Thu Dec 15, 2016
I joined SAGE at the start of September. Hello SAGE!! Here I outline some of my initial impressions.
First up, I’ve been really delighted to meet so many great people at SAGE. I’ve received great support from everyone in the company. I generally find publishing folk to be very friendly. This is a friendly industry, working on the fabric of knowledge, knowing that your work can help to make a difference, trying to make the work of academics a bit easier. I believe that these are all things that can help to create a good environment for an industry to be situated in. All that aside, I’ve still been really impressed by how lovely everyone is. I think that comes from some initial interactions that I had way back in my first week, and it’s only continued through the weeks.
One obvious change at SAGE is the scale of the company. It’s a good bit bigger than eLife, and I’ve not worked in a company close to this size since 2010. At Mendeley, and later at eLife, I saw what happens as a company starts to grow out beyond the point where not everyone is able to know everything that is going on (that’s not a bad thing at all, just an inevitable part of the development of a company). Back when I was working in Springer and Nature my work mostly involved interacting with people in close proximity to my project. What I’m working on now is of interest across the company. Communicating across the natural silos of information that will emerge in a large organisation such as SAGE has required some new thinking. The main thing to note is the existence of structure that is contingent on the history of how that structure emerged, and the best thing I’ve found for understanding that quickly is just to tap into the collective wisdom that already exists within the organisation. Basically asking people who have been around for a lot longer than I have about how to do things, or who to talk to. That’s mostly been successful. The one time where it didn’t work so well was when asked someone a few things, only to discover pretty quickly that they only knew fractionally more than I did because they had only been here about a week longer than me!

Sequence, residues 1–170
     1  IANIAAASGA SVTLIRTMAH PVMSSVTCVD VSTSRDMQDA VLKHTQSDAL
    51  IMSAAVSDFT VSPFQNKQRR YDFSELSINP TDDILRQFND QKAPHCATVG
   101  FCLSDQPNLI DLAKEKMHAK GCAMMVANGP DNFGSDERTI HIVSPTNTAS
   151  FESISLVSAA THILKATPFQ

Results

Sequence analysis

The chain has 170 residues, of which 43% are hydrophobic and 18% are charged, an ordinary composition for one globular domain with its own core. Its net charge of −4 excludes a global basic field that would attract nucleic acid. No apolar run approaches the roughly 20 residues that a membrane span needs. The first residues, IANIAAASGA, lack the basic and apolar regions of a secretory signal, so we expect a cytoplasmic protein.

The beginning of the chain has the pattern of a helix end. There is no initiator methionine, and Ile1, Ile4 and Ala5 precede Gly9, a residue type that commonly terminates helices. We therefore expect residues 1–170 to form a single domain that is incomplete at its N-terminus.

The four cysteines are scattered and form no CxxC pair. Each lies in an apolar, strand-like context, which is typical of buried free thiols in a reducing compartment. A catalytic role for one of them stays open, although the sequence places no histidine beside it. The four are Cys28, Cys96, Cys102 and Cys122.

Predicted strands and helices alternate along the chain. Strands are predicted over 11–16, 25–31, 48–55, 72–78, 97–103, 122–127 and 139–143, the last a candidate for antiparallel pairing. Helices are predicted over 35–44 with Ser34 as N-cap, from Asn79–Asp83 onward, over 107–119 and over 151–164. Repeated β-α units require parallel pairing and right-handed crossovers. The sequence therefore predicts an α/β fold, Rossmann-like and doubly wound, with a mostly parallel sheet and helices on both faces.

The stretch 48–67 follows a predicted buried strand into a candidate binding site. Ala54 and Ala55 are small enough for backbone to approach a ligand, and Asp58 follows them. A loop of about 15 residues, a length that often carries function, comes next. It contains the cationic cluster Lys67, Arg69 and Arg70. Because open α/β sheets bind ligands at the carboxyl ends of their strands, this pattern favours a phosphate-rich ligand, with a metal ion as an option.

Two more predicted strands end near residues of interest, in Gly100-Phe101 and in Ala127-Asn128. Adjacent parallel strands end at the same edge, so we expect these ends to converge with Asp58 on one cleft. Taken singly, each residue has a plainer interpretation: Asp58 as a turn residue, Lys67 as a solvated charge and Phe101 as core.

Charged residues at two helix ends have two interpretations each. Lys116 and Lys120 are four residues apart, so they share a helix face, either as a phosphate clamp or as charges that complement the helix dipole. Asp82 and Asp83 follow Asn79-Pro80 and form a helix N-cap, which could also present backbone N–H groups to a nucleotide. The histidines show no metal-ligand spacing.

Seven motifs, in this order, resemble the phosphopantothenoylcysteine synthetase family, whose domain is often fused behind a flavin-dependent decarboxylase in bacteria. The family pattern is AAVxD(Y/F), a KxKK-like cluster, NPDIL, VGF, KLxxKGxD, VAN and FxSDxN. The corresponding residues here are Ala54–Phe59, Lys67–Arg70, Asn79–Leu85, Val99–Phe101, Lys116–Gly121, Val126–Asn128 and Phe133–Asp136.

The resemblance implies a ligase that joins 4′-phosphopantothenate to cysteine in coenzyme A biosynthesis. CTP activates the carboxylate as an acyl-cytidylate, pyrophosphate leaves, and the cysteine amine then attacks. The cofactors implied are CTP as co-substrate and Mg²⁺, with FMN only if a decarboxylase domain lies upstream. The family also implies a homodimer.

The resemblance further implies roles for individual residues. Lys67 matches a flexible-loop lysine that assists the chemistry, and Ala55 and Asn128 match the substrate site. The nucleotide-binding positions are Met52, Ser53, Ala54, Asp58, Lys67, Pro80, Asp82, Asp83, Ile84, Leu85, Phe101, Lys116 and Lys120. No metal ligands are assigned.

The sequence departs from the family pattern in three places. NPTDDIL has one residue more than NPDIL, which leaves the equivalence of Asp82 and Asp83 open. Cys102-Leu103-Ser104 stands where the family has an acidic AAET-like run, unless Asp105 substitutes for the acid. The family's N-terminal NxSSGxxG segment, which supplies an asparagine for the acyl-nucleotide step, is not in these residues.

I’d never known a huge amount about SAGE before starting to think seriously about coming on board. I’d known a few people for a few years, whom I held in fairly high regards. I didn’t know that the name SAGE comes from